The abundance of interesting stories that come out of May 1969 doesn’t stop there. Among IndyCar fans, it has become a tradition that it was not Mario in the front-row qualifying photo taken Monday after qualifying, which Boles confirmed. “Mario’s face was still burned from the accident, so he asked his twin brother, Aldo, to replace him in the photo. So when you see these historic photos of this Brawner Hawk right in the middle of the front row , it’s not Mario, it’s his twin brother Aldo who replaces him because of the burns Mario had on his face.
Doug Boles hadn’t finished reminiscing about the magic of 1969. “You asked me earlier what makes this year special… All those little stories, that that victory in 1969 with Mario, Andy Granatelli and the special Brawner Hawk,” Boles said.
The Andrettis have become a family dynasty in racing, but not one of them has claimed victory at the controls of Indianapolis Motor Speedway since 1969. Some have come to believe there is a curse on the family to never win there again. .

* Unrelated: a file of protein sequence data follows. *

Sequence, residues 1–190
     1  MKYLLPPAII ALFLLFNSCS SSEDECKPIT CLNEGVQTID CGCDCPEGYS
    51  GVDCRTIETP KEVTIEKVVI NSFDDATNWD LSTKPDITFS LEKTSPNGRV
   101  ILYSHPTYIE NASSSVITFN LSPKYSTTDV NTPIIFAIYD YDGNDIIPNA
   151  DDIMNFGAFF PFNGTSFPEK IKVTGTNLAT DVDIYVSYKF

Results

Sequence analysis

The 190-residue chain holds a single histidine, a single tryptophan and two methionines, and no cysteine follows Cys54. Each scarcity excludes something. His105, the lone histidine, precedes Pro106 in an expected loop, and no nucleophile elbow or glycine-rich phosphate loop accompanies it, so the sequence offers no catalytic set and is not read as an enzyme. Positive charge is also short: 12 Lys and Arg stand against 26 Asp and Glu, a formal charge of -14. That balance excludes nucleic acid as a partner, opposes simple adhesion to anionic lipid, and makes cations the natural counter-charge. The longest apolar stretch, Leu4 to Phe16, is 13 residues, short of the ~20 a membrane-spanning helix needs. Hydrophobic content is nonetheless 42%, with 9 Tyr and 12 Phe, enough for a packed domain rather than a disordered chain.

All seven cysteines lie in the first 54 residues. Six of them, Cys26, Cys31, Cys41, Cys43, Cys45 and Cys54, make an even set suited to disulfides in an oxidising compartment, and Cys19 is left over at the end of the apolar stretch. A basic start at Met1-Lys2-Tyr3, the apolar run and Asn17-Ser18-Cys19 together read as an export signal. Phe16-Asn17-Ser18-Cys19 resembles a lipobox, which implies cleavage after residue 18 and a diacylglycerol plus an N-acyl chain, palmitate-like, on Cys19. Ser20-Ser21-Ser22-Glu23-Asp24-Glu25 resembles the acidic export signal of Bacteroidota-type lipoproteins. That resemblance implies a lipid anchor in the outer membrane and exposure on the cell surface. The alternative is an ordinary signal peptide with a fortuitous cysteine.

“One of the things about racing, especially 50 years ago when Mario Andretti was in his prime, superstitions were a big thing in sports,” Boles said. “I think that’s less the case now, but there was a period where there was this streak of bad luck from Andretti.” Since 1969, five Andrettis have run in the 500m. Mario has raced at the Speedway 29 times with one win. His son Michael has attempted 16 times on the speedway and his grandson Marco has entered 17 times, most recently in 2022. Mario’s other son Jeff has driven the 500m three times and failed to qualify twice. John Andretti, the son of Mario’s twin brother Aldo, had 12 starts.